University of Kentucky to seek proposals for privatized dining services

University of Kentucky Dining Services spent about $800,000 last year on Kentucky-grown food products.
University of Kentucky Dining Services spent about $800,000 last year on Kentucky-grown food products. Herald-Leader

The University of Kentucky soon will solicit proposals from companies interested in running its campus dining services, but it will expect the companies to continue UK's "strong partnership" with Kentucky food producers, officials said Tuesday.

UK has not decided whether to privatize its dining services, as it privatized its residence halls last year, spokesman Jay Blanton said. However, as the next step in the university's deliberations, it will issue requests for proposals to see what interested companies have to offer, Blanton said. There is no formal deadline in place to make a decision, he said.

"We want to move quickly, but we don't want to move hastily," Blanton said.

A committee of UK faculty, staff and students has recommended that the requests for proposals include three commitments:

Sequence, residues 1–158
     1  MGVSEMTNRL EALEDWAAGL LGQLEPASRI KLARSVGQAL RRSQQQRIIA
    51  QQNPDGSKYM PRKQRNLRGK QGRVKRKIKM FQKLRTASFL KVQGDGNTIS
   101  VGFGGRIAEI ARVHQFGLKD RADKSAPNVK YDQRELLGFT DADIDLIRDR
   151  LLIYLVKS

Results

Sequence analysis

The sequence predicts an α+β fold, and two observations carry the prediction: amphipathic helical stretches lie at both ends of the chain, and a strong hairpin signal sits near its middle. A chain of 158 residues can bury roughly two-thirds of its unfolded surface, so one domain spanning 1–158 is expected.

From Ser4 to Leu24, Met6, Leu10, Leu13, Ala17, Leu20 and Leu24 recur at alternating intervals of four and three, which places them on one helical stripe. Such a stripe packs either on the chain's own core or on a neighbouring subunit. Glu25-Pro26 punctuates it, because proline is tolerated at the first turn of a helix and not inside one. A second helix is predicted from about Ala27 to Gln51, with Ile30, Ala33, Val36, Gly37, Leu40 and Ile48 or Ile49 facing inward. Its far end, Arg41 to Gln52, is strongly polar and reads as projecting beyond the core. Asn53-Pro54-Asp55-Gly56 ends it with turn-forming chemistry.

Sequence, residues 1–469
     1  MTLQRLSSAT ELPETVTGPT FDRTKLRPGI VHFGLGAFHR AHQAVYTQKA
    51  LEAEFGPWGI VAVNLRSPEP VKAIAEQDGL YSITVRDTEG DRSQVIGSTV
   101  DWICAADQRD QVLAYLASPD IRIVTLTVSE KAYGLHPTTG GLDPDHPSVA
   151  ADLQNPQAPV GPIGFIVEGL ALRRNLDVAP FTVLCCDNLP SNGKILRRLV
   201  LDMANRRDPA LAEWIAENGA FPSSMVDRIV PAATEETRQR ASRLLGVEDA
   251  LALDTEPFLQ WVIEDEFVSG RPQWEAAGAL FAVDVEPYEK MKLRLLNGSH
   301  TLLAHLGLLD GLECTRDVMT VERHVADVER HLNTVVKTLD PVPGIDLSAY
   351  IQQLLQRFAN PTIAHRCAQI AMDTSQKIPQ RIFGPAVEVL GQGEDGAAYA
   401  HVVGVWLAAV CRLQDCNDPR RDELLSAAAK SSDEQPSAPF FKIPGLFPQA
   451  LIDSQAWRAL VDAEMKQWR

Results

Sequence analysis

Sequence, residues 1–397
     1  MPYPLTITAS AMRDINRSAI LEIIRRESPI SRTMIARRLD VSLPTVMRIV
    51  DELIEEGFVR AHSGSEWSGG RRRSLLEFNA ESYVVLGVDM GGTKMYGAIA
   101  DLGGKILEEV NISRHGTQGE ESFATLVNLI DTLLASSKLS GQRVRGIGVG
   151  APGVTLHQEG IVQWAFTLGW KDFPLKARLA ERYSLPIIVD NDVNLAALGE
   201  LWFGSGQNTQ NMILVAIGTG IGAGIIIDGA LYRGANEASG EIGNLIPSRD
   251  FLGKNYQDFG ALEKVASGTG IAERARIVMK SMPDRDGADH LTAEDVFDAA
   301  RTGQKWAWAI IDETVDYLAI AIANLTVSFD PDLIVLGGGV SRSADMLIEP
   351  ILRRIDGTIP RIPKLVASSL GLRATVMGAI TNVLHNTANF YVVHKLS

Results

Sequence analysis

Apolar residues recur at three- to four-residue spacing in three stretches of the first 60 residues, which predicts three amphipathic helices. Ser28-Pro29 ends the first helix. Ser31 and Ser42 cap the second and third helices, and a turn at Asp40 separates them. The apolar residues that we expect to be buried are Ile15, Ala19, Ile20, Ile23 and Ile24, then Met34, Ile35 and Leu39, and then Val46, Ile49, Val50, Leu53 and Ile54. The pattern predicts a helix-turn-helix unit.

■ That current full-time UK dining employees and student workers will have job opportunities with either UK or the selected company.

■ That campus dining services continue a strong sustainability program by buying local food and maintaining UK's partnership with the state Department of Agriculture's Kentucky Proud program.

■ That the dining services add more healthy food choices and other options desired by the university community.

UK dining services spent about $800,000 last year on Kentucky-grown food products, including apples from Reed Valley Orchard, chickens from Pike Valley Farm, and beef and vegetables from farmers all over the state. Spending on Kentucky-grown food is expected to top $1 million this year.

The committee's expressed commitment to local food is a good start, said Lee Meyer, an agricultural economics professor at UK. But the final contract language should include specific requirements for the percentage of food produced in Kentucky, not just processed here, and details on how the food is produced, such as organically, Meyer said.

"We need to put teeth into what that means for it to be valuable for Kentucky farmers in practice," Meyer said.

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